“In this absorbing story, García once again uses her talent for description to conjure the melancholic half-memories of the places and people that immigrants leave behind. And García once again skillfully weaves together the stories of several people whose lives eventually intersect.”
–Robin Updike, Seattle Times
“A Handbook to Luck shines with vulnerable characters, poetic language and poignant epiphanies.”
–Rosie Molinary, Ms.
“[A Handbook to Luck] evokes the poignant inner conflicts and emotional ambiguities of García's first novel, Dreaming in Cuban . . . García deftly pits the forces of magic and reality against each other, testing the boundaries of cynicism and hope in order to attest to the interconnectedness of strangers' lives.”
–Elena Machado Sáez, Florida Sun-Sentinel
“In her first three novels, including her marvelous debut, Dreaming in Cuban, Cristina García amply demonstrated her literary gifts, delineating fine gradations of love and hatred, madness and obsession, while juggling multiple narratives . . . [In A Handbook to Luck], García’s characters are linked most strongly by the sense each has of being ungrounded . . . In [Marta’s] story, and in that of Enrique’s father, García’s writing comes to life, flashing with wit and color.”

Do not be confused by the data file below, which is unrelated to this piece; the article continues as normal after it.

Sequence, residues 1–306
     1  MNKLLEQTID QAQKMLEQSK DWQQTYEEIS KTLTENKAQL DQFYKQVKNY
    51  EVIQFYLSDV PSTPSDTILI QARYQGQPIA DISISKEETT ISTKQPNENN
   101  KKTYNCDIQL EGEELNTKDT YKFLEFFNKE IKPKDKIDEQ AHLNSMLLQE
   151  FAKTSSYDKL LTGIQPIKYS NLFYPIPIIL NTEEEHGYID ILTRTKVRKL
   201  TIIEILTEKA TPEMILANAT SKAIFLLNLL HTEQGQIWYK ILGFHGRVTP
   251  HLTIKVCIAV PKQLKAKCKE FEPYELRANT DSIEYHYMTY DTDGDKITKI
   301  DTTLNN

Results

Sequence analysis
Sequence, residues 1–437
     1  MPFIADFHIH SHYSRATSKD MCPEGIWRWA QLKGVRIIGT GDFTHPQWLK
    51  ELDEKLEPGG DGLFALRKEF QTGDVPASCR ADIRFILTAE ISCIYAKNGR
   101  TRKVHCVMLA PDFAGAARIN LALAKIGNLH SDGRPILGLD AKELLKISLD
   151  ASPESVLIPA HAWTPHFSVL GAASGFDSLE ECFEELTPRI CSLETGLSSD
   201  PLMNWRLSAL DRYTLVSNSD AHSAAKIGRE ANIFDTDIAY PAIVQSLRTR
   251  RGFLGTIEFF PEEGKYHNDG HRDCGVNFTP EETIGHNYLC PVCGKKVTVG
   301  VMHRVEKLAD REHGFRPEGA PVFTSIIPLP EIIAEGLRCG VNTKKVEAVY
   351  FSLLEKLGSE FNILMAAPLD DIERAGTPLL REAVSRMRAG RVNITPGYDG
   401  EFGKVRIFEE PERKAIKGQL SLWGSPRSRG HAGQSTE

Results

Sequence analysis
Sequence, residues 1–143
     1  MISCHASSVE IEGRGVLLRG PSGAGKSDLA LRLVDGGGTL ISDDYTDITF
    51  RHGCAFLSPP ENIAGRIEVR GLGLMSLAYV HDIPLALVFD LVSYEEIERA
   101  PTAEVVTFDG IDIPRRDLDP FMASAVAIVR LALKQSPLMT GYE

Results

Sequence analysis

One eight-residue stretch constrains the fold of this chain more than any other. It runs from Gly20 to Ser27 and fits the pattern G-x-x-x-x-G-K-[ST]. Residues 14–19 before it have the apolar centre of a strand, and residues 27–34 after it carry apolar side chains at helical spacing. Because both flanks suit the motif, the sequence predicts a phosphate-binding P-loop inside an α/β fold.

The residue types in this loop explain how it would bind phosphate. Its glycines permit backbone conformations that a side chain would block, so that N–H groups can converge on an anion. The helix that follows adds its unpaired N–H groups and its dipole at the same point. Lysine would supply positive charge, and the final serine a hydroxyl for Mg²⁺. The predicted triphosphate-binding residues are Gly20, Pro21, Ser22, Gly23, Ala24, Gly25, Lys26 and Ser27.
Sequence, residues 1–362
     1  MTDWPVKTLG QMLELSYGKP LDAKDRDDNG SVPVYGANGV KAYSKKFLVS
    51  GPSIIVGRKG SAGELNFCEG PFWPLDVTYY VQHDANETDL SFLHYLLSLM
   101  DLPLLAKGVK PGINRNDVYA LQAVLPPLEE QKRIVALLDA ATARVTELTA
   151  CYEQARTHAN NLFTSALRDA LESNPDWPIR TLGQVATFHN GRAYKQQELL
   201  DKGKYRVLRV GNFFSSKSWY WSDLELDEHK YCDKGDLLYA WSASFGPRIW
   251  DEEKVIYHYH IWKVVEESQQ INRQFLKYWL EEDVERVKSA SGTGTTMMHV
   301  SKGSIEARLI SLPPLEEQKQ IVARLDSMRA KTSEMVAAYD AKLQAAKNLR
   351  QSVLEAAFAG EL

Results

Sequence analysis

–Louisa Thomas, New York Times Book Review
“García expertly braids each of [her characters’] stories together, tenderly tracing the passage of these 1960s children into 1980s adults as they begin to discover the often unavoidable gap ‘between what you planned and what actually happened.’”
–Sue Corbett, People
“The pleasure here is García’s truffle-rich prose and expert handling of time’s passage.”
–Karen Karbo, Entertainment Weekly
“Pitch-perfect . . . García’s novel (and the rich cast of characters that wend their way through it) is driven by a poetic sort of happenstance . . . [The character Leila is] like an Iranian Edna Pontellier, the tragic hero of ‘The Awakening,’ Kate Chopin's classic tale . . . García is still drawn to describe the richness and variety of the immigrant experience. But in A Handbook to Luck she also fixes her attention on the fundamentally human desire to make sense of the world, to impose order on the chaos of nature and to rationalize one's mysterious place within it.”